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Reduction of Charges for Criminal Defense

As part of an effective criminal defense strategy, an experienced defense lawyer will try to get your charges amended to a lesser charge. In many cases, your attorney is thinking of your possible jail time exposure if your case goes to trial. For example, if you are charged with aggravated battery, the potential jail time is much greater than if you are facing a simple battery charge. In Louisiana, aggravated battery carries a sentence of up to 10 years in prison while simple battery carries a maximum sentence of six months.

Charge Reduced to Simple Robbery

A good example of the importance of charge reduction occurred recently with one of my clients in Lafayette, Louisiana who was charged with armed robbery.  This charge requires that the defendant be in possession of a weapon during the robbery. However, in this case, it was not exactly clear that my client was armed, and the district attorney agreed to reduce the charge from armed robbery to simple robbery. This reduced my client’s prison exposure from 10-99 years (for armed robbery) to 0-7 years for (simple robbery).

Pre-Sentence Investigation Agreement

This reduction was also beneficial to my client because we now had more options for his defense. We could then enter a possible Pre-Sentence Investigation agreement (PSI) with the district attorney and hope for a light sentence from the judge. However, we could also take the risk of going to trial because we had significantly reduced our client’s exposure. Even if he was convicted of simple robbery, the maximum prison time is 7 years, whereas if he went to trial under the armed robbery statute, he could end up doing 50 years.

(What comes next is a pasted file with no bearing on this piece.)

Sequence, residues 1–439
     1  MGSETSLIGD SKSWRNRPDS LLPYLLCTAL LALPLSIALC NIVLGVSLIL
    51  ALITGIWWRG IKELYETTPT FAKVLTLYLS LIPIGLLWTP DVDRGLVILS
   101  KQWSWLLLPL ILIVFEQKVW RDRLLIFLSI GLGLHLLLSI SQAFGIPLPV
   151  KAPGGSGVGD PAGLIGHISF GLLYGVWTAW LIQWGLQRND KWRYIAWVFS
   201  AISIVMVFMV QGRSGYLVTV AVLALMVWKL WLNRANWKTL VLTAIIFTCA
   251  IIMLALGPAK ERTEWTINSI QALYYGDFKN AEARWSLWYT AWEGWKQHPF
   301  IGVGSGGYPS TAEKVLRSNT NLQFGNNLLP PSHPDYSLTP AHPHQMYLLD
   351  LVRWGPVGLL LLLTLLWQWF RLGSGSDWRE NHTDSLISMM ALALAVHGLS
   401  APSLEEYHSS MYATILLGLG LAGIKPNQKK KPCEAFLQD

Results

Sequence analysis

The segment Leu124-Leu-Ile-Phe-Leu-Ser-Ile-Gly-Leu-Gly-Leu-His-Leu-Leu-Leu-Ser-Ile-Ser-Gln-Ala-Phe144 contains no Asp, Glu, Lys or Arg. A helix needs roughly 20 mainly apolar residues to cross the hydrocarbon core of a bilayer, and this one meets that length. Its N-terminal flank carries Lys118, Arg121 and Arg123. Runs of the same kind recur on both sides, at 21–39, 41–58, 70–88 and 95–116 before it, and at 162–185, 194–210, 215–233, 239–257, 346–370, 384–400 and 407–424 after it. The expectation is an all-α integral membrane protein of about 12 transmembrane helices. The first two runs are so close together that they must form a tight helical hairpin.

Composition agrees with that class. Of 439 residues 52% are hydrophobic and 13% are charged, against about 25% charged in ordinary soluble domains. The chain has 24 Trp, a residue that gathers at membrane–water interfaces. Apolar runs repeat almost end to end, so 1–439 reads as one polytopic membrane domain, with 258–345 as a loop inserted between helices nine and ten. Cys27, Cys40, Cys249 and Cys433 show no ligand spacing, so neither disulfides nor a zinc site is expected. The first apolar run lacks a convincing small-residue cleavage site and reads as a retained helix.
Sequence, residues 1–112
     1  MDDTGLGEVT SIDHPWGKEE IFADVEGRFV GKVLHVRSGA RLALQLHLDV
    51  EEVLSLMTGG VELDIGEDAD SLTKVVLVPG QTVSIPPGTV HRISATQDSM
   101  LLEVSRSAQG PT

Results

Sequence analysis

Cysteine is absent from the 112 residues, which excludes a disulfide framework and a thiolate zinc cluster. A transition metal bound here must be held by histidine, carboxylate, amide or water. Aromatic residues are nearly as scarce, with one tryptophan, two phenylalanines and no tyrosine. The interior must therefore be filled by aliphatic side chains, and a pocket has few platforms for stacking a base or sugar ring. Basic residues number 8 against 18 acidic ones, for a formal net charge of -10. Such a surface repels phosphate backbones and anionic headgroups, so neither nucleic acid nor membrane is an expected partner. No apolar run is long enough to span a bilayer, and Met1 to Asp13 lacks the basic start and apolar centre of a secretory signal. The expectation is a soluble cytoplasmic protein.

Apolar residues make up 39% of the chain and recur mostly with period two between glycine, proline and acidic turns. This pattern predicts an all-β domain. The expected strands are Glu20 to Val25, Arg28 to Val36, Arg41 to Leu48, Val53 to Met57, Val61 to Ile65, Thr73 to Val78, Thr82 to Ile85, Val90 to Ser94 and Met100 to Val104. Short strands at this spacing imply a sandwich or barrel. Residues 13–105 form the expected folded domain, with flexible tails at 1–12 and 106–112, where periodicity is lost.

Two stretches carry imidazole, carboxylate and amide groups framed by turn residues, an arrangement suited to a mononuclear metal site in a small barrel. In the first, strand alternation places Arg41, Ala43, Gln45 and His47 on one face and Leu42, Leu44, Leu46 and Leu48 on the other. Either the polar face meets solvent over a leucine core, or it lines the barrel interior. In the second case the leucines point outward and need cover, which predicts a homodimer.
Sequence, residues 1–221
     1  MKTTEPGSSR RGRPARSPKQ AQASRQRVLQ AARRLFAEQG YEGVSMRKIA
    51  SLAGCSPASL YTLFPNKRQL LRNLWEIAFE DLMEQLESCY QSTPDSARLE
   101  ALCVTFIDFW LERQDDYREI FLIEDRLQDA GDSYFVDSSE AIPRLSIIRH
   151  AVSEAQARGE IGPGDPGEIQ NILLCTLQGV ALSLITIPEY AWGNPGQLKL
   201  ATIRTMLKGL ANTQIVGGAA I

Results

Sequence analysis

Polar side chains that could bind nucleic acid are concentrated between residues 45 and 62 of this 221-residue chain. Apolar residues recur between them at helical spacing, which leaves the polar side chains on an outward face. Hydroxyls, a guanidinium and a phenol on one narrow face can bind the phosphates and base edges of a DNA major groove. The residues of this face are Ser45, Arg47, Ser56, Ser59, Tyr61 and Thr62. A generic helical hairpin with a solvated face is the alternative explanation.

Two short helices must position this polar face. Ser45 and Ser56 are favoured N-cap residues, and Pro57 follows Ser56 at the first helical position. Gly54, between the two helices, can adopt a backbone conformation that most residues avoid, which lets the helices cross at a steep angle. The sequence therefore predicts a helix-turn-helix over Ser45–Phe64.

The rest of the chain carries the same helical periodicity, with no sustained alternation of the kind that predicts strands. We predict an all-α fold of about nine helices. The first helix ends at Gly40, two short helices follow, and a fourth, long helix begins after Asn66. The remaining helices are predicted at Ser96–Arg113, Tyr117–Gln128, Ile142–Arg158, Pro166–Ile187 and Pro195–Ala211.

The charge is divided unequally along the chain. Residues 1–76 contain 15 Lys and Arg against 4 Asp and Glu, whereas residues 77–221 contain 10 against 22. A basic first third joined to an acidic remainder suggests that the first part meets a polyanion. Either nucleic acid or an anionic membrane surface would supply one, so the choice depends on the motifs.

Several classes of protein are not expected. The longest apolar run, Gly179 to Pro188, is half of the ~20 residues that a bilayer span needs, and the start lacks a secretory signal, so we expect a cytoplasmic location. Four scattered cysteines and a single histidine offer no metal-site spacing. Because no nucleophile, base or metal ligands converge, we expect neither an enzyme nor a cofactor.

A reduction of charges will limit sentence exposure whether the defendant goes to trial or enters a plea under the PSI statute. And any good criminal lawyer knows that the one goal of criminal defense is to reduce the client’s sentence exposure.

Thomas Alonzo

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